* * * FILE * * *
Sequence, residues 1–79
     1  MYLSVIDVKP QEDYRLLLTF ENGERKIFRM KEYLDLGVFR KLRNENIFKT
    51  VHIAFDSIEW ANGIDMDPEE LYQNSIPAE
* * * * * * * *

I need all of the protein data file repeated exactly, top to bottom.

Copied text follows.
Sequence, residues 1–79
     1  MYLSVIDVKP QEDYRLLLTF ENGERKIFRM KEYLDLGVFR KLRNENIFKT
    51  VHIAFDSIEW ANGIDMDPEE LYQNSIPAE